Definitions for PUCKpʌk
This page provides all possible meanings and translations of the word PUCK
Random House Webster's College Dictionary
a black disk of vulcanized rubber that is hit into the goal in a game of ice hockey.
Origin of puck:
1890–95; cf. dial. (Hiberno-E, Canadian Maritimes, Newfoundland) puck a sharp blow, to hit sharply, butt, Ir poc male deer or goat, butt (of a goat), stroke of the stick (in hurling)
a mischievous sprite in English folklore who appears as a character in Shakespeare's
A Midsummer Night's Dream.
Category: Mythology, Literature
Origin of Puck:
bef. 1000; ME pouke, OE pūca; c. ON pūki a mischievous demon
Puck, Robin Goodfellow(noun)
a mischievous sprite of English folklore
puck, hockey puck(noun)
a vulcanized rubber disk 3 inches in diameter that is used instead of a ball in ice hockey
a mischievous sprite in Celtic mythology and English folklore.
One of the satellites of the planet Uranus
Origin: From puke, from puca, from pūkô, from (s)pāug(')-. Cognate with púki, spok, spuk, Spuk. More at spook.
a celebrated fairy, "the merry wanderer of the night;" -- called also Robin Goodfellow, Friar Rush, Pug, etc
In English folklore, Puck is a mythological Fairy or mischievous nature sprite. Puck is also a generalised personification of land spirits. In more recent times, the figure of Robin Goodfellow is identified as a puck. The Old English puca is a kind of half-tamed woodland sprite, leading folk astray with echoes and lights in nighttime woodlands, or coming into the farmstead and souring milk in the churn. Since, if you "speak of the Devil" he will appear, Puck's euphemistic "disguised" name is "Robin Goodfellow" or "Hobgoblin", in which "Hob" may substitute for "Rob" or may simply refer to the "goblin of the hearth" or hob. The name Robin is Middle English in origin, deriving from Old French Robin, the pet form for the name Robert. The earliest reference to "Robin Goodfellow" cited by the Oxford English Dictionary is from 1531. After Meyerbeer's successful opera Robert le Diable, neo-medievalists and occultists began to apply the name Robin Goodfellow to the Devil, with appropriately extravagant imagery.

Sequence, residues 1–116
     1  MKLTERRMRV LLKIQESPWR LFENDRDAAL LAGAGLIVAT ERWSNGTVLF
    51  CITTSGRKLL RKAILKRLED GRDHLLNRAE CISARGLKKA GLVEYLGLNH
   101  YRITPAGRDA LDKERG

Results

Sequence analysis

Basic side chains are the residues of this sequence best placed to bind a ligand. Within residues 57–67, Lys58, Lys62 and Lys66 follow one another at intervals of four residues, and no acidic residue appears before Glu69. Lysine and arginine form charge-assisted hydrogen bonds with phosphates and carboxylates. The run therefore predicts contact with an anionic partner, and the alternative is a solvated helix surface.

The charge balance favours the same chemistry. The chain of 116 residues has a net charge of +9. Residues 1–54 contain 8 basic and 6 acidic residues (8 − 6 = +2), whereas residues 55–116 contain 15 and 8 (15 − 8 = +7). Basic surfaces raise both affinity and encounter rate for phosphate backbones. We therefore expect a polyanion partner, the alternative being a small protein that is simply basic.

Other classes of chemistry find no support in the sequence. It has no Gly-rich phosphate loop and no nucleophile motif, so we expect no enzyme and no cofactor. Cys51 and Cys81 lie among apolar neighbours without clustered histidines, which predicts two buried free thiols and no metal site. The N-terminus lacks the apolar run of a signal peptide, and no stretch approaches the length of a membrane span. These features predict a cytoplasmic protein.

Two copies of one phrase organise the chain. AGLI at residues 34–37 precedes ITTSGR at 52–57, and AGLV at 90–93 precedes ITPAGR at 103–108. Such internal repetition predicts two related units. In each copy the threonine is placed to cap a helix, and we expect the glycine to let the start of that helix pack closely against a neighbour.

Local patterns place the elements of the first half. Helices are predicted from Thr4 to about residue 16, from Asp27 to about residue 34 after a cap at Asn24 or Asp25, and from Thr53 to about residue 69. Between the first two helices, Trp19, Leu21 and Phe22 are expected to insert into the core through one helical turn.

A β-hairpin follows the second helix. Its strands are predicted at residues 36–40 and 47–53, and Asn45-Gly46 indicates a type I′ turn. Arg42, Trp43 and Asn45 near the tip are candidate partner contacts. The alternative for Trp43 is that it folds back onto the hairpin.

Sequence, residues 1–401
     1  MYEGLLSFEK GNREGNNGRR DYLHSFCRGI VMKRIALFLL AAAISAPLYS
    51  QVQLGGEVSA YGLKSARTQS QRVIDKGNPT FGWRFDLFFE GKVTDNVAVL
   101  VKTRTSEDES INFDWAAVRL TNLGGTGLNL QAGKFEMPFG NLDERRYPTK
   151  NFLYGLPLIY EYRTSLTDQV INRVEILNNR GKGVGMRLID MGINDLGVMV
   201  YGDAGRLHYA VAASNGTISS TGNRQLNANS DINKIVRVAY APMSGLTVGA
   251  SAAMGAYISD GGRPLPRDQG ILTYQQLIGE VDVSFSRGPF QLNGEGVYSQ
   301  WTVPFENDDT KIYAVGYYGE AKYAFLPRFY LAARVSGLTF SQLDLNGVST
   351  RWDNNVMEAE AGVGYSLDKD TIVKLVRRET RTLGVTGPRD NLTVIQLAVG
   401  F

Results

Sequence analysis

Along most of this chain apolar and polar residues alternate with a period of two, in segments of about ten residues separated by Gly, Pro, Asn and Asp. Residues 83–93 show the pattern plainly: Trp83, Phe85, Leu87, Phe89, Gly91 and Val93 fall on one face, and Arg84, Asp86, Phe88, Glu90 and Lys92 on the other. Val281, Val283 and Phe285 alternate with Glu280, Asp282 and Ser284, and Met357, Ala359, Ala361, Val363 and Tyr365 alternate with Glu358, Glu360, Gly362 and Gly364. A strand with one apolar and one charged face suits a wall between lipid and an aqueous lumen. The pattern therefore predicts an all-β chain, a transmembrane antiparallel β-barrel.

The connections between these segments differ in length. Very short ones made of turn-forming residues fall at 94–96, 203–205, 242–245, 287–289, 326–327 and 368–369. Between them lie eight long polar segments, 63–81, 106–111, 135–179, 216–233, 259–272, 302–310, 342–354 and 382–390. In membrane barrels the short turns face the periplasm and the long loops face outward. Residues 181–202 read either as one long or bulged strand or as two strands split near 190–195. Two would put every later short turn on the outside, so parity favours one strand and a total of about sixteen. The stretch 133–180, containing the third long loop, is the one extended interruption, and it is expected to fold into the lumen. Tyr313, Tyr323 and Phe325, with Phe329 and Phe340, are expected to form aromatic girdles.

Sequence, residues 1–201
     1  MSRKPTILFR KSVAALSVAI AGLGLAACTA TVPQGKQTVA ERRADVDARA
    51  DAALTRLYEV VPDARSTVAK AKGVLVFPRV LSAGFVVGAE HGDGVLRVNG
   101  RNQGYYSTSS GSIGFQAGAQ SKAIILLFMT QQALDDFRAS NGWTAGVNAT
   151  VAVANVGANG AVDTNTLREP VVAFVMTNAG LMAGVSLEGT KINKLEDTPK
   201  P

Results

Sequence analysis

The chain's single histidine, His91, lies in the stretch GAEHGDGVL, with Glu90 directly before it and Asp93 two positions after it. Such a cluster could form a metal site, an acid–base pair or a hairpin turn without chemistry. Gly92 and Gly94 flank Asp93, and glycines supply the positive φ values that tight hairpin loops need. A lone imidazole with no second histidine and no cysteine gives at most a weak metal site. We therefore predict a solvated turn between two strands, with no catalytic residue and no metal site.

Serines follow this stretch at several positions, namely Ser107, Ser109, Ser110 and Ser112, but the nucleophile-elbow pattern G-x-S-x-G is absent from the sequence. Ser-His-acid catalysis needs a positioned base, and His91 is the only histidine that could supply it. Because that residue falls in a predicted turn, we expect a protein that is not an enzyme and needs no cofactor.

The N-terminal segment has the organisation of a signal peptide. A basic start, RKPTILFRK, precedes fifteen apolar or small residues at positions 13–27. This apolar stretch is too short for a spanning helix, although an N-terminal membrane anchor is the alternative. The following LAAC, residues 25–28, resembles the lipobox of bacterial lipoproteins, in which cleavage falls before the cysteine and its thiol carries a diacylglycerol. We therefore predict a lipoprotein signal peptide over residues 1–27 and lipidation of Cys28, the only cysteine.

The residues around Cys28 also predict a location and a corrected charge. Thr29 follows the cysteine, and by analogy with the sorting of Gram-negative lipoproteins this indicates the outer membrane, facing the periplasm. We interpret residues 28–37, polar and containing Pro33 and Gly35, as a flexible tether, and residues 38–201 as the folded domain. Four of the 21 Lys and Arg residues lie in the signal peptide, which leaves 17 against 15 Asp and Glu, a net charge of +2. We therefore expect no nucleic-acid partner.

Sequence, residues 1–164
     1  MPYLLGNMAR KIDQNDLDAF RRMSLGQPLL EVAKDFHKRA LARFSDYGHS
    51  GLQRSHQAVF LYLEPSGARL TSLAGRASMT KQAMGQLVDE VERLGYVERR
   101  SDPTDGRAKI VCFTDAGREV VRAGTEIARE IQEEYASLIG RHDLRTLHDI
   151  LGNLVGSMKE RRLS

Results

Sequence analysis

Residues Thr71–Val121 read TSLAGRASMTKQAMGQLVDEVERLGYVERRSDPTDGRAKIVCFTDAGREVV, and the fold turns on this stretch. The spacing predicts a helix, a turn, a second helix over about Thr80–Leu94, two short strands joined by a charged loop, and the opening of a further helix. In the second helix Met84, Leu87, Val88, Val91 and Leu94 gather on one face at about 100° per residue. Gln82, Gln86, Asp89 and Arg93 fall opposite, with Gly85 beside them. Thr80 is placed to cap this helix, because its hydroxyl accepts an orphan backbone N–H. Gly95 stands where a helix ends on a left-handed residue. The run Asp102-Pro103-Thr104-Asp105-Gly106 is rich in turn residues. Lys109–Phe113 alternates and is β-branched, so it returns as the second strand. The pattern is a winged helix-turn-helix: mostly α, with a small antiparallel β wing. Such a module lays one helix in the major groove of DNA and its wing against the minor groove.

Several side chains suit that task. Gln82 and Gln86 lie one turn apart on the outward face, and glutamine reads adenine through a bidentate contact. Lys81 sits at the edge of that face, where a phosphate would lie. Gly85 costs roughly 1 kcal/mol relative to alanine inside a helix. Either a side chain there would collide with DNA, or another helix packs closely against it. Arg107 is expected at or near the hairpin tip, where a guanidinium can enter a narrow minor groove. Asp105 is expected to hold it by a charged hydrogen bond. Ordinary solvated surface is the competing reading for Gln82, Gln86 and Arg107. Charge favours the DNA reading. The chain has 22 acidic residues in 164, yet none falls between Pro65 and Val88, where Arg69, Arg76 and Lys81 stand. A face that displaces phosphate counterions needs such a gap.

The Nuttall Encyclopedia
a tricky, mischievous fairy, identified with Robin Goodfellow, and sometimes confounded with a house spirit, propitiated by kind words and the liberty of the cream-bowl.
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